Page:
The positions or actions, not always so comfortable – in front of a screen or creating illustrations and texts -, cause repetitive movements to create points of tension and, in the future, injuries that can cause discomfort.
Poor posture, fatigue and prolonged efforts will certainly have a significant impact on how and when you produce your work.
And, in most cases, we can only understand these injuries when they become a major problem in our routine , preventing our actions when it comes to producing, thinking and also generating discomfort.
The importance of taking care of the body
And it was thinking about these everyday situations that the illustrator and cartoonist Kriota Willberg recognized the importance of taking care of the body as part of a creative, sustainable and balanced practice.
She created Willberg’s comic book, Draw Stronger: Self-Care for Cartoonists and Other Visual Artists as a model of healthy routines and exercises for creatives.
His approach makes body care part of a creative process.
The idea is to transform the break times into equally necessary moments during the production of a creative, and no longer as something thought of in a “moment when we do nothing” .
Below we leave 5 tips on how to make your body a priority when imposing your creative processes.
Longevity as a priority
Working in front of a canvas or being an artist who sketches frequently, a sedentary day of work based on repetitive movements causes tension and, probably, exhaustion – both of which are detrimental to your ability to do your work, or may even close it early.
Consider your physical health as something creative.
In the same way that we are able to invest in skills to improve our processes, we can work our body to our advantage, laying the foundations for a comfortable and safe career .
When we change the focus to something long-term, we are able to respect our chosen paths and guarantee well-being during our evolutionary process as a creative.
Make exercise part of your routine
Meeting deadlines, setting financial goals or networking are some of the obligations we have on a daily basis, in addition to the production – sometimes in excess – creative that we need to do.
The commitment to the exercises ensures that you are more willing throughout the practice .
These practices should be part of your routine and work with your lifestyle, as they will occupy a significant part of your time.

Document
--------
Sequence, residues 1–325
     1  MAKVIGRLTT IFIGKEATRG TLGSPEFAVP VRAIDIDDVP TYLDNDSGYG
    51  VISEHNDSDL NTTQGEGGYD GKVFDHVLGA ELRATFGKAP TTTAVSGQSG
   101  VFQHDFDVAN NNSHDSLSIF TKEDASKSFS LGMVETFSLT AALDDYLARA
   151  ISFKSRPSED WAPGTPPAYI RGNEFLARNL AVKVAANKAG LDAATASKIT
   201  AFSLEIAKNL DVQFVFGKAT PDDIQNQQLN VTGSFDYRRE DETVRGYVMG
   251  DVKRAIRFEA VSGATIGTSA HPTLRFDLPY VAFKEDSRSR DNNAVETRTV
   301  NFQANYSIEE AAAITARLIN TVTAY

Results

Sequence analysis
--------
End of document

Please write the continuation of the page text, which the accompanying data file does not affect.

Physical self-care in conjunction with muscle memory is the easiest way to prevent future injuries.
Mix specific activities with general activities that can keep your body up to date.
Martial arts, swimming, yoga or any other practice can be ways to take care of our body more generally.
No matter what your choice, the crucial factor is finding an escape valve that allows freedom of movement and a way to get rid of its limiting physical range.
New habits = good results
Breaking bad habits can be discouraging and confrontational. After all, repetitive movements arise from the idea that something is working well – while we are doing it and getting results – and that it doesn’t need to be changed.
However, who has never reached the end of a long day at work with mild tendonitis, back or neck pain from repetitive efforts without breaks?
Our posture when sitting is an example , when bending or when we fall, for many people it is a natural state of their body that causes temporary comfort to continue the practice of something recurring.
The first is, when remembering a wrong posture , to correct or make movements to stretch in the act. The greatest difficulty encountered is that our muscles need to remain erect and they are not always as developed by most of us.
Do not blame yourself!
It is difficult to find a job that is truly ergonomic , and that is why it is important to take measures during the creations and over the long term to accustom our body.
The result can be very satisfying when you realize that your old habits were getting in the way.
Use what you have
One of the reasons that prevent many creatives in these sustainable practices of the body is the tools or equipment for the exercises.
The purpose of all this is to literally exercise creativity , whether with the mind or the body, the idea is that you use what you have and make these exercises a habit in your routine.
Take time to look around the space where you spend most of your time and consider how it can be reused to meet your physical needs.
Is there any space that can be used while listening to your podcast in the morning? A balcony, which can serve to help you in this practice and at the same time to take the fifteen minutes of sun?
Being creative , even a door can be part of your exercise routine, as Willberg illustrated.
In his book Draw Stronger , many of the suggested exercises do not require any equipment or use accessories that are easily found in our space to help make this part of our routine.
By removing the barriers to a healthy and ergonomic life, we can easily incorporate these exercises into everyday life and make them as common as having breakfast!
You make your rhythm
Sometimes, exhaustion from overwork and commitment to many projects, personal and financial problems, or psychological tiredness can be a deterrent to making this physical practice routine and ignoring our body’s warnings.
And we recognize that, for your livelihood and career, we sometimes need to endure some discomfort.
Part of creating a healthy practice is establishing clear boundaries that allow you to maintain a sense of balance.